Mortality salience and worldview affirmation strengthen support for foreign products

Daniel Sullivan, Eva Jonas, Barbara Jodlbauer

Research output: Contribution to journalArticlepeer-review

6 Scopus citations


Research in terror management theory shows that, when reminded of their own death, people experience an elevated need to feel secure in their cultural worldview. This effect has consequences for consumer behavior. One unexplored possibility is that a worldview-affirming prime will buffer anxiety and actually increase willingness to purchase products representative of a foreign worldview after a death reminder. In our study, we first induced mortality or failure salience in 137 Austrian residents. Participants then read a diary entry about a holiday spent either in the mountains of Austria or in foreign countries. Finally, we measured willingness to pay a higher price for a local ("Fair Milk") versus a foreign product ("fair trade"). Analyses showed that following mortality salience (compared to failure salience) the worldview-affirming prime (a diary entry about Austrian culture) uniquely increased willingness to pay higher prices for foreign products.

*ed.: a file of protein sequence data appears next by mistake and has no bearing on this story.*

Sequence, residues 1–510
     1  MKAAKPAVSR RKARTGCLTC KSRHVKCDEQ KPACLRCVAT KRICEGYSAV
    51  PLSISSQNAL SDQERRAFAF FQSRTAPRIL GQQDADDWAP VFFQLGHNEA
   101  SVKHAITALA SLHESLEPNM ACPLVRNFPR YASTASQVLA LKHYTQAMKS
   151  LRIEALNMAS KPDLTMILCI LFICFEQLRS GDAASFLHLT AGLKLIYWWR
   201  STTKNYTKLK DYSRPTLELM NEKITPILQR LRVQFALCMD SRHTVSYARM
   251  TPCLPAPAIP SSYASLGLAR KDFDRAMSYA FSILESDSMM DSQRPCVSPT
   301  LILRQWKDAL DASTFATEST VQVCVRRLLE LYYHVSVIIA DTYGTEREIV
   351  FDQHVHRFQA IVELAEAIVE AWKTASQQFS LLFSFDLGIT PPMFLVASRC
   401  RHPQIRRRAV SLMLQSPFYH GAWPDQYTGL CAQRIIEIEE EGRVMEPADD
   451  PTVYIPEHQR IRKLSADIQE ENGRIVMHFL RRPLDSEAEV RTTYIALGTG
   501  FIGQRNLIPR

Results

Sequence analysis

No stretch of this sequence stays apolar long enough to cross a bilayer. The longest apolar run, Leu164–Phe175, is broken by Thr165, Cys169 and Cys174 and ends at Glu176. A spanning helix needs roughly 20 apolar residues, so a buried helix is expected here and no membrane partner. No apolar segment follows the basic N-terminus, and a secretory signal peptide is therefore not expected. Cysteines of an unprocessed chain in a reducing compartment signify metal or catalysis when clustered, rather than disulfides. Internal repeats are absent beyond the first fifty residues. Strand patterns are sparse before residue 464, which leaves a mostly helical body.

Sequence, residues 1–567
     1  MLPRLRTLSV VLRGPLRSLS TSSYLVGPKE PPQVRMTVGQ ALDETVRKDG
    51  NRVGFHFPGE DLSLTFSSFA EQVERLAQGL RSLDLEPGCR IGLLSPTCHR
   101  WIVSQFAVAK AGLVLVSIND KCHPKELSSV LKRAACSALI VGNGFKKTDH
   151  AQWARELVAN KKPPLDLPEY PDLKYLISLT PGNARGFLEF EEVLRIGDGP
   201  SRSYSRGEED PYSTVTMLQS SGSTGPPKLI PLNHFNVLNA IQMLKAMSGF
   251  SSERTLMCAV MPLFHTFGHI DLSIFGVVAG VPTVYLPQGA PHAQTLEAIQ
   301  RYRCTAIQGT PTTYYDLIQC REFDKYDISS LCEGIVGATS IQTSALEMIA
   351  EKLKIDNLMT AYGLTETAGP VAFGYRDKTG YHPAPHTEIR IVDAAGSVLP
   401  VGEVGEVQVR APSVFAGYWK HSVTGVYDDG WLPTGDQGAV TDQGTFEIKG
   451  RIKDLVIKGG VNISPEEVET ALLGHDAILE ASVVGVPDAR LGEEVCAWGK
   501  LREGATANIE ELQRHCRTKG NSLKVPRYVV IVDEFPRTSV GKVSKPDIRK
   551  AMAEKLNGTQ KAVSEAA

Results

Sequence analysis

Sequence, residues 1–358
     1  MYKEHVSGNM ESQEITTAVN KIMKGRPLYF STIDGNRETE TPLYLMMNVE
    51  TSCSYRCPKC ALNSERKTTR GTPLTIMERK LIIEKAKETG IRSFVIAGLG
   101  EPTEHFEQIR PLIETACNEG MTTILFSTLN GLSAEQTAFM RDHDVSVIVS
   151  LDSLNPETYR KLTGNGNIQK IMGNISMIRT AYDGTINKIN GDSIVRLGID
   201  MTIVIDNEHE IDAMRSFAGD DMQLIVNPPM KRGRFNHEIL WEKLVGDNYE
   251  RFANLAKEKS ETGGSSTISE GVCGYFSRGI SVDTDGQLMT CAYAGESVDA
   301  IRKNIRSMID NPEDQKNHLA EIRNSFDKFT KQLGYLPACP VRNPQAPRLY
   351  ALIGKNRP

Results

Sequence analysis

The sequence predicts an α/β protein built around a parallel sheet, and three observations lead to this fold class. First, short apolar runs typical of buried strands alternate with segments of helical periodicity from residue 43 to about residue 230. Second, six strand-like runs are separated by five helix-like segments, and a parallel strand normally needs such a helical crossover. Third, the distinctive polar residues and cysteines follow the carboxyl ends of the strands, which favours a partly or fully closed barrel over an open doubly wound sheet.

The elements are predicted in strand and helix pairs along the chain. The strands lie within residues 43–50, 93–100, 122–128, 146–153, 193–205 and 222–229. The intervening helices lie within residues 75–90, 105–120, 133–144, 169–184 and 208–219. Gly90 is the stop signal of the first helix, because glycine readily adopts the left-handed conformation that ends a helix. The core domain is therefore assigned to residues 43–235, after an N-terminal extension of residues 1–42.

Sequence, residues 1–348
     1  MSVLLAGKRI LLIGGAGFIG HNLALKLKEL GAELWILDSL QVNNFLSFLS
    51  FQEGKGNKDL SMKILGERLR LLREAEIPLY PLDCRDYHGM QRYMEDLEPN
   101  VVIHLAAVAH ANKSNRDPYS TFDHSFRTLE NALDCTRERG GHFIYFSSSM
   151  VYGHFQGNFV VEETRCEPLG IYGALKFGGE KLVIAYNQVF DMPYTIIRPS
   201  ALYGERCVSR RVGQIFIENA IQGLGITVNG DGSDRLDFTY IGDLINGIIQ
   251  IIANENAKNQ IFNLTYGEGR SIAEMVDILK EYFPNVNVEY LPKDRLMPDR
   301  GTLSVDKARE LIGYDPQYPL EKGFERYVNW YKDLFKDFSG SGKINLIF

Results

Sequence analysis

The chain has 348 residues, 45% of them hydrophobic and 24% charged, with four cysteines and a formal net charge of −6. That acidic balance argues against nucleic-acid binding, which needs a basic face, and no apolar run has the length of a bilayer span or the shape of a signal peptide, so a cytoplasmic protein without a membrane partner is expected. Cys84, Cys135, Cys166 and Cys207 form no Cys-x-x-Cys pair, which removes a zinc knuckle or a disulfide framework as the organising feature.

Original languageEnglish (US)
Pages (from-to)224-230
Number of pages7
JournalZeitschrift fur Psychologie / Journal of Psychology
Issue number4
StatePublished - 2011


  • Consumer behavior
  • Fair trade
  • Mortality salience
  • Terror management theory
  • Worldview affirmation

ASJC Scopus subject areas

  • Arts and Humanities (miscellaneous)
  • General Psychology


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